Zero-tolerance measures can counteract what some experts consider a crucial tool for protecting students and the larger community.

After a former student killed six people last year at the private Covenant School in Nashville, Tennessee, state leaders have been looking for ways to make schools safer. Their focus so far has been to ramp up penalties against current students who make mass threats against schools.

Months after the killings, legislators passed a law requiring students who make such threats to be expelled for a year (unless a school superintendent decides otherwise) and allowing schools not to enroll them afterward. This year, the legislature passed bills that make the offense a felony and that revoke driving privileges for a year.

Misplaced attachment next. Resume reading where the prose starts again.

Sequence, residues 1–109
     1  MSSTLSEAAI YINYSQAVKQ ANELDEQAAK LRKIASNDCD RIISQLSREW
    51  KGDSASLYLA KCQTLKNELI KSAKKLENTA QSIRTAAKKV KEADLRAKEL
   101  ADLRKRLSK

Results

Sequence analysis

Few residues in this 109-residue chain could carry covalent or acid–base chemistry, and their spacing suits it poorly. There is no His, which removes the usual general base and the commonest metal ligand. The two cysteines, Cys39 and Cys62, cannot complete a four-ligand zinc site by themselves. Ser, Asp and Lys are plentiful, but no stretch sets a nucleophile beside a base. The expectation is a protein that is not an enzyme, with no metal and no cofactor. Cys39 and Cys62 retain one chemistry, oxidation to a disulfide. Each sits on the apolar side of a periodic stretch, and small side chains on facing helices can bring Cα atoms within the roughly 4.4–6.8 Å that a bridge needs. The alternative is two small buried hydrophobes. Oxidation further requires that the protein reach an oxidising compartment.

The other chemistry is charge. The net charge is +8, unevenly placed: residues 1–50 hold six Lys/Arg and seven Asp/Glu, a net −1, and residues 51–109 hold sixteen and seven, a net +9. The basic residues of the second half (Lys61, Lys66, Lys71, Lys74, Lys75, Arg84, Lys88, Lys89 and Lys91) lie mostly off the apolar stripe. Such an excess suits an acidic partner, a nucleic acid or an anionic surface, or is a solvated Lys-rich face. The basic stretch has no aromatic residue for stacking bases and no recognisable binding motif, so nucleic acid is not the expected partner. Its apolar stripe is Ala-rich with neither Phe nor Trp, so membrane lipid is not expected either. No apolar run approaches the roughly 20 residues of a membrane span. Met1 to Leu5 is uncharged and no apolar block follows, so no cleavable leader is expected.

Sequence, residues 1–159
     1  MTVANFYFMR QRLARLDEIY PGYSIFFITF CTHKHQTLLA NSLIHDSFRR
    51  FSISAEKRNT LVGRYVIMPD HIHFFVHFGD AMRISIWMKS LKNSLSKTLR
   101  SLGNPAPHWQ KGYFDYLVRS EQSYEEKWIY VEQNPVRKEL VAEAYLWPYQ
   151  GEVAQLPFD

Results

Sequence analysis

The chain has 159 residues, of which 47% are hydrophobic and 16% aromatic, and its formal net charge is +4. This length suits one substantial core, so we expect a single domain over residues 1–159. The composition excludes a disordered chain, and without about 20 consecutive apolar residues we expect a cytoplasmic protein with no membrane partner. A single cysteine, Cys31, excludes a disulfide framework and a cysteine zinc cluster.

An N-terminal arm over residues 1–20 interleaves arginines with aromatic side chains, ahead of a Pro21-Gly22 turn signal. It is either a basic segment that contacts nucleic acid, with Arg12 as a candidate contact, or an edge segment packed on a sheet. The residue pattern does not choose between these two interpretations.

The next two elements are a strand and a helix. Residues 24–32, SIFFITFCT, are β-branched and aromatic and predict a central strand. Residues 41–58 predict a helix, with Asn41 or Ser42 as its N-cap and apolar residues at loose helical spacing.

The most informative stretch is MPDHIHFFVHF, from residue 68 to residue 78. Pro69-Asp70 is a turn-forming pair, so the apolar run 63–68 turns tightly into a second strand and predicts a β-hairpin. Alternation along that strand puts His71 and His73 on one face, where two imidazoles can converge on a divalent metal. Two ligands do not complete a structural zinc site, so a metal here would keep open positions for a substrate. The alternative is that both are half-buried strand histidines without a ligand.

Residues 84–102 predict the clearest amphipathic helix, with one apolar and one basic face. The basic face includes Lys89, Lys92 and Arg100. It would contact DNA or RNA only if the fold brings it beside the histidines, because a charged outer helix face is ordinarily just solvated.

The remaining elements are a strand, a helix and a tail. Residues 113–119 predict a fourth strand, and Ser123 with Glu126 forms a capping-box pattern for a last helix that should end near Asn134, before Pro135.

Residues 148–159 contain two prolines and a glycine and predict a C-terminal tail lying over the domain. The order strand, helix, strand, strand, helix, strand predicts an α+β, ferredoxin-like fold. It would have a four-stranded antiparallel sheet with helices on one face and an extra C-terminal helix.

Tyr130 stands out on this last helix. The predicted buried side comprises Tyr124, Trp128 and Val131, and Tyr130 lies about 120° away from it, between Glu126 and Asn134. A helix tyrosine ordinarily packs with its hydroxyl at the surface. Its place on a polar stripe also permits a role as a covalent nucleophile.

But a large body of research shows these zero-tolerance measures are not the most effective way to prevent violence in schools. In fact, some experts say those measures can counteract what they consider a crucial tool for protecting students as well as the larger community: threat assessments. When carried out correctly, threat assessments sort out behavior intended to cause real physical harm from simply disruptive acts and provide troubled students with the help they need.

    3 months ago

    Most laws passed in the south seem like cynical attempts to further persecute and abuse a specific group.